What To Do If Ice Dam Water Begins To Leak Into The HouseEven the finest ice dam prevention measures might fail at times. The leaks cannot be stopped with a shut-off valve or repaired using a plumber’s putty. These eight steps might assist you in dealing with ice dam backups that cause water to leak into your home.
1. Determine The Location Of The Leak And The DamageMake your way to the attic and attempt to determine the location and amount of the water damage. Water moves downhill. Thus, leaks on the roof may be several feet higher than they appear on the attic ceiling. Power Tip: Use a powerful flashlight or headlamp to highlight attic ceiling lines and dark nooks.
2. Contact A Water Restoration CompanyThe damage produced by ice dam water backup within the home is difficult to repair. Soaked walls, damp flooring, soggy ceilings, and leak stains are just a few of the issues you’ll confront. Don’t attempt to handle it on your own. Call in the ice dam water damage experts at Bedrock Restoration—we handle both water damage cleanup/drying and restoration: 612-834-1501 Pro Tip: A skilled water damage repair company should also be able to assist you with filing home insurance claims.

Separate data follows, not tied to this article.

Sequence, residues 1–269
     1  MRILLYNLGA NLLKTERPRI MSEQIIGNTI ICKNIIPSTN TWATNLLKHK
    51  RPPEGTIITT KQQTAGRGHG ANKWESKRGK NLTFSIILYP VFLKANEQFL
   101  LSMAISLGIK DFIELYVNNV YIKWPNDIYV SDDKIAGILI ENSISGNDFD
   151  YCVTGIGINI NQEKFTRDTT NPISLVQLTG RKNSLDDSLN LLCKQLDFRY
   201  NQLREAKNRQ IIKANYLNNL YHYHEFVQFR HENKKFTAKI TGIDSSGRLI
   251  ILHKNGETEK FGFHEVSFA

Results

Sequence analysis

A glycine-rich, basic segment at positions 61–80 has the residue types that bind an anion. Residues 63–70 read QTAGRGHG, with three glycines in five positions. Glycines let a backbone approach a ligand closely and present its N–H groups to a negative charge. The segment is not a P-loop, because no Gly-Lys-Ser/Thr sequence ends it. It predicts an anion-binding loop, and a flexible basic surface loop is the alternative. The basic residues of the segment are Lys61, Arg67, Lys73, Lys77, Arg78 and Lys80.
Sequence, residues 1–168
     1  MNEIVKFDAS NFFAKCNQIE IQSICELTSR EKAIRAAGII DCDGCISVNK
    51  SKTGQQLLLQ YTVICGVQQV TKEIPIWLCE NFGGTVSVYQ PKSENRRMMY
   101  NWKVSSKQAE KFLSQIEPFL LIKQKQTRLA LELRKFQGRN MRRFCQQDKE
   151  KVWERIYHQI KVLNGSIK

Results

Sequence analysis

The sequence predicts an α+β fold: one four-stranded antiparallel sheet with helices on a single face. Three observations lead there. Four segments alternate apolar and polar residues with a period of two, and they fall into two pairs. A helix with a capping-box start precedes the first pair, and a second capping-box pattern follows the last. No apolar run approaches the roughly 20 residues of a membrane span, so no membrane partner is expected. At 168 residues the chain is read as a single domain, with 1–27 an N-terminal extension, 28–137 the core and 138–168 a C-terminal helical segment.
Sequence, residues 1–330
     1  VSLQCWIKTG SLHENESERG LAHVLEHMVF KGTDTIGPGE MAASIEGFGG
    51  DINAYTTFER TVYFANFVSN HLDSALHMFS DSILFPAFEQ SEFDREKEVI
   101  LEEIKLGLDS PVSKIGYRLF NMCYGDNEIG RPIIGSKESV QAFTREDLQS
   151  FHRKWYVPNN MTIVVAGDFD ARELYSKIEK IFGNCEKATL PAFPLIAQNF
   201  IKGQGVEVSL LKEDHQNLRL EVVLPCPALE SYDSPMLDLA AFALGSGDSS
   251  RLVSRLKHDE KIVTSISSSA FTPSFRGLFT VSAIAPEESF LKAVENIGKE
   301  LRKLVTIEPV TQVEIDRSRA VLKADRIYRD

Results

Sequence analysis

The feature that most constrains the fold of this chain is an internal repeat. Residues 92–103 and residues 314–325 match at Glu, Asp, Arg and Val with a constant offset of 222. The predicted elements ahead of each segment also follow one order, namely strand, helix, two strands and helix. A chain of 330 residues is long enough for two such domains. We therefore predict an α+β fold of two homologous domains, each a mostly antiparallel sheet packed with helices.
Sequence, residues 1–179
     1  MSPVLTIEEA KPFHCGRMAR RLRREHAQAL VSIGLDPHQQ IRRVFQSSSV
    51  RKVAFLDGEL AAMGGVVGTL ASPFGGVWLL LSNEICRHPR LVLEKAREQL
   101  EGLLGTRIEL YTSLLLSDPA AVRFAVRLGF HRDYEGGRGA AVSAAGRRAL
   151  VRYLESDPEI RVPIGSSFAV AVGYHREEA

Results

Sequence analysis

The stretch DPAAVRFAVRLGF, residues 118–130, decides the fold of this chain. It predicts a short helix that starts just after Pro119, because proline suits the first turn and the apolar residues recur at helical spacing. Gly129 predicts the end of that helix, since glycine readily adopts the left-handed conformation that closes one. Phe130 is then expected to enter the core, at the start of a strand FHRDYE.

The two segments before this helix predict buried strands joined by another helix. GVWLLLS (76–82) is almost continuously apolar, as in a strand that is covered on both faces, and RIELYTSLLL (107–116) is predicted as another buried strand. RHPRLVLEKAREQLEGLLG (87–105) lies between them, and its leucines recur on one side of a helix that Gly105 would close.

3. [If Applicable] Contact Your Household Insurance CompanyContact your insurance carrier as soon as possible. Give them as much information as possible based on your water damage evaluation. Arrange an inspection with an adjuster, and be sure to get a claims number. Pro Tip: Take photographs of the interiors, significantly impacted sections in the attic, to document the water damage.
4. Attempt To Remove The Ice Dams.If the weather cooperates and you’re comfortable scaling a ladder, ice dam removal may be a do-it-yourself effort. Nonetheless, many local businesses provide this sort of service. Pro Tip: Before climbing the roof, ensure the ladder’s feet, rungs, and spreaders are securely fastened.
5. Turn On The Fans And Lower The HeatSet up fans in impacted areas to speed up the drying process. Strong currents of fresh air should be directed over moist floors, walls, and ceilings. Reduce the thermostat setting to prevent heat accumulation in the attic and delay melting on the roof. Pro Tip: Open closets and cupboards near moist walls and flooring below to increase air circulation.
6. Inspect The Storm Window Weep-holesIf ice dams are forming around windows, ensure the weep holes in the storm window frames are clean. Drill tiny holes between window frames and sill lips to direct leaking water outdoors. Pro Tip: Make weep-hole checks a regular spring and autumn house maintenance component.